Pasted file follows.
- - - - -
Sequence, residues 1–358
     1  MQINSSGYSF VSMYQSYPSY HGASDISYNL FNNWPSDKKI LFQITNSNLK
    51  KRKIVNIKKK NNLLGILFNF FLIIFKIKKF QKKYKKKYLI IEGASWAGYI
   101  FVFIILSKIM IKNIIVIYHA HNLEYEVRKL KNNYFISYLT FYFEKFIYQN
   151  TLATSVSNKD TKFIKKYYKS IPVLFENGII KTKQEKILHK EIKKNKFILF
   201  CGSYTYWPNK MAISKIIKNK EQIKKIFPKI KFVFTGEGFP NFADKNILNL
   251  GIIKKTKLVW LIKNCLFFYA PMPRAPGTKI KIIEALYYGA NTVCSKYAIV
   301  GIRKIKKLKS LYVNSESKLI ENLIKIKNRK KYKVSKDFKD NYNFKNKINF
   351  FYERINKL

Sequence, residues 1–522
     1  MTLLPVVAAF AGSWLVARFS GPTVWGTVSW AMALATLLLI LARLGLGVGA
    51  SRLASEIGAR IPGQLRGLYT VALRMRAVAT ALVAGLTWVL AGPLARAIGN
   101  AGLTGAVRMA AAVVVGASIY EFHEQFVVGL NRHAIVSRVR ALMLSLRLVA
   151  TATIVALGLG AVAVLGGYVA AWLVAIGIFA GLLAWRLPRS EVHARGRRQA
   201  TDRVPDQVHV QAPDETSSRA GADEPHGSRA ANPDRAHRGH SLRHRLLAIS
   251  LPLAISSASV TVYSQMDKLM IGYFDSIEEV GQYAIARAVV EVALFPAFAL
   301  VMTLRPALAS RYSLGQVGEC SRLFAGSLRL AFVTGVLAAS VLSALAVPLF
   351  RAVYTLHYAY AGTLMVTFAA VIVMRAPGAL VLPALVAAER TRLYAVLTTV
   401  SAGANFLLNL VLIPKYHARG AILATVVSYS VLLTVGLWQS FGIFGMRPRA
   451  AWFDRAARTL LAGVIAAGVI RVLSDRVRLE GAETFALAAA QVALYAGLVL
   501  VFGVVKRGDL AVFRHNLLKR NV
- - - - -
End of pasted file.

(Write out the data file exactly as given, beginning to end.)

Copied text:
Sequence, residues 1–358
     1  MQINSSGYSF VSMYQSYPSY HGASDISYNL FNNWPSDKKI LFQITNSNLK
    51  KRKIVNIKKK NNLLGILFNF FLIIFKIKKF QKKYKKKYLI IEGASWAGYI
   101  FVFIILSKIM IKNIIVIYHA HNLEYEVRKL KNNYFISYLT FYFEKFIYQN
   151  TLATSVSNKD TKFIKKYYKS IPVLFENGII KTKQEKILHK EIKKNKFILF
   201  CGSYTYWPNK MAISKIIKNK EQIKKIFPKI KFVFTGEGFP NFADKNILNL
   251  GIIKKTKLVW LIKNCLFFYA PMPRAPGTKI KIIEALYYGA NTVCSKYAIV
   301  GIRKIKKLKS LYVNSESKLI ENLIKIKNRK KYKVSKDFKD NYNFKNKINF
   351  FYERINKL

Sequence, residues 1–522
     1  MTLLPVVAAF AGSWLVARFS GPTVWGTVSW AMALATLLLI LARLGLGVGA
    51  SRLASEIGAR IPGQLRGLYT VALRMRAVAT ALVAGLTWVL AGPLARAIGN
   101  AGLTGAVRMA AAVVVGASIY EFHEQFVVGL NRHAIVSRVR ALMLSLRLVA
   151  TATIVALGLG AVAVLGGYVA AWLVAIGIFA GLLAWRLPRS EVHARGRRQA
   201  TDRVPDQVHV QAPDETSSRA GADEPHGSRA ANPDRAHRGH SLRHRLLAIS
   251  LPLAISSASV TVYSQMDKLM IGYFDSIEEV GQYAIARAVV EVALFPAFAL
   301  VMTLRPALAS RYSLGQVGEC SRLFAGSLRL AFVTGVLAAS VLSALAVPLF
   351  RAVYTLHYAY AGTLMVTFAA VIVMRAPGAL VLPALVAAER TRLYAVLTTV
   401  SAGANFLLNL VLIPKYHARG AILATVVSYS VLLTVGLWQS FGIFGMRPRA
   451  AWFDRAARTL LAGVIAAGVI RVLSDRVRLE GAETFALAAA QVALYAGLVL
   501  VFGVVKRGDL AVFRHNLLKR NV